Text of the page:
Knowledge Management… the fountain of resilience, adaptation, innovation and sustainability (and buzzwords!)


It goes back a long while that I’ve been asking myself what KM is and why it matters. This morning, while running, it struck me: it is just what makes us more resilient, adaptive and innovative, beyond the immediate challenge we are facing. Incidentally, KM is also dangerous with that ability to catch all buzzwords in its trail (resilient is the new adaptive, and innovation is the talk of E-town)…

Miracles of Evolution - Africa - Tihamer Gyarmathy, 1977 (Credits: WikiArt)

Miracles of Evolution – Africa – Tihamer Gyarmathy, 1977 (Credits: WikiArt)

What is KM trying to do? 

Of course KM supposedly helps organisations achieve their mission, be more effective in that endeavour, but KM focuses a lot (my expectation) on ever-learning, looking back to look forward, keeping track and avoiding to reinvent the wheel (though it’s sometimes ok), institutional memory curation, lessons learned, picking peoples’ brains and co-creating… so really KM is about developing a collective intelligence and finding ways to anticipate and prepare for what comes next, away from silver bullets, in the itchy corner of our brain where the next solution (trial) lies.

That is at the heart of being resilient, of adaptive thinking and working, of innovation.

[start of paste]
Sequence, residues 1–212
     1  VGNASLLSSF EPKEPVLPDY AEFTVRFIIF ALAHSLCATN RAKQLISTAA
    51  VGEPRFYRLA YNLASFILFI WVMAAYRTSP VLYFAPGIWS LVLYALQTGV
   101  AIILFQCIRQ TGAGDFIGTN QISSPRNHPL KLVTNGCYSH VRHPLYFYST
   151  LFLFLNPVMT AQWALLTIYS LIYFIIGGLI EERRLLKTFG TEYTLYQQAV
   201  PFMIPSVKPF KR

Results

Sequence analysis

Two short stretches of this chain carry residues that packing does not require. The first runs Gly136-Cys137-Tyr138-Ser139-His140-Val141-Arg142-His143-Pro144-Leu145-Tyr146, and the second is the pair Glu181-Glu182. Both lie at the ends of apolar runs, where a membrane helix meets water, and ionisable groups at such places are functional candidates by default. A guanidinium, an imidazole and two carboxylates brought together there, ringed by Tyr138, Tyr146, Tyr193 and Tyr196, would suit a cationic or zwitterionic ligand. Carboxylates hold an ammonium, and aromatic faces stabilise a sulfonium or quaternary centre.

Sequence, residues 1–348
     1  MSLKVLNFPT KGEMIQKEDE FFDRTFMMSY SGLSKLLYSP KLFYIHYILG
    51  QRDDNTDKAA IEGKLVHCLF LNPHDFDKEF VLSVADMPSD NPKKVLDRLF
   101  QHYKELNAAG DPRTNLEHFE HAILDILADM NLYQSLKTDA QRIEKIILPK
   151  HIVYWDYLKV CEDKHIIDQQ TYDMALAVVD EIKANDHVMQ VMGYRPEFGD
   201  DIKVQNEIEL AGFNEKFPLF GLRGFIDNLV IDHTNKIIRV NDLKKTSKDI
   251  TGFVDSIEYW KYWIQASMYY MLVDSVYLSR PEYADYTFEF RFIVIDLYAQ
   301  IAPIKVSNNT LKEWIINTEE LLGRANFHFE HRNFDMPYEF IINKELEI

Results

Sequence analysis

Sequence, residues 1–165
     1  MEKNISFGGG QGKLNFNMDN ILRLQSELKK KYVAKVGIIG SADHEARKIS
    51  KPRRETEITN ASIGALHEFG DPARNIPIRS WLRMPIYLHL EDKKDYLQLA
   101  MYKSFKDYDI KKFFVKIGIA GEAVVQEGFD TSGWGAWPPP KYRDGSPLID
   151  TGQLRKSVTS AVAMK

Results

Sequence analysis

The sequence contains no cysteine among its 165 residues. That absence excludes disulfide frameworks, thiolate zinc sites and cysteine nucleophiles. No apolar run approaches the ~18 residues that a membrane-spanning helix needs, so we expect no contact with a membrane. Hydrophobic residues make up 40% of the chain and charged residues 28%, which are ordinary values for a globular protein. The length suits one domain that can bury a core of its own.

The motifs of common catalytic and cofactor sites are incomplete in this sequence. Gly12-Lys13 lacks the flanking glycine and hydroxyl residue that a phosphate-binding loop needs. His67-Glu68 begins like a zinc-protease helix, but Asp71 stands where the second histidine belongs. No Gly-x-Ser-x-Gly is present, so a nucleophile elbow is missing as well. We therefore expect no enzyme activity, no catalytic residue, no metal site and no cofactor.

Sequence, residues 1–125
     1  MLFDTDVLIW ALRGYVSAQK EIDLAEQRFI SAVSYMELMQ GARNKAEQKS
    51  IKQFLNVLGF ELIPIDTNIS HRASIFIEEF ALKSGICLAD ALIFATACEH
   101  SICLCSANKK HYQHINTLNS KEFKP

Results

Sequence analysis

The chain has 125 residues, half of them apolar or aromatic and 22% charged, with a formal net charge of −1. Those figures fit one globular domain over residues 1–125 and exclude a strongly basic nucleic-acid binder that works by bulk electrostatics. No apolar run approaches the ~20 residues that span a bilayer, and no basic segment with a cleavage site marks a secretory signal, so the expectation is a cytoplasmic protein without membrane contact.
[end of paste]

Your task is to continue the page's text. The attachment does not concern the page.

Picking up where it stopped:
Hmmm. Only given that some key things are in place. I am thinking about all these things right now when thinking about our local KM4Dev Addis Ababa/Ethiopia network, so I can progressively disengage myself from the coordination side to ensure that this network can continue on its own (without a non-Ethiopian to coordinate it). So what helps in strengthening resilience, adaptiveness etc.?

  • Thinking from the start about an exit strategy (and a good induction program) or some strategy to ensure that the initiative is embedded and owned by whoever is directly concerned, independently from the individuals involved in that initiative;
  • Developing capacity consciously, from the start and throughout, by questioning beyond the WHAT? and focusing on the knowledge, attitude and skills required to make the initiative successful;
  • Documenting the process throughout, so that all the generic context (simple or complicated, not complex) of an initiative, can be partly passed on to anyone else;
  • Making sure that there isn’t a single point of failure, that responsibilities are shared over teams so the success and transferability of good work does not depend on one person only (even though individuals matter a lot);
  • Mapping relations and expertise so anyone can find out where to go to find answers to their questions…
  • Organising conversations around these issues of resilience, adaptiveness, sustainability, long-term, roles and responsibilities, risks and how to mitigate them…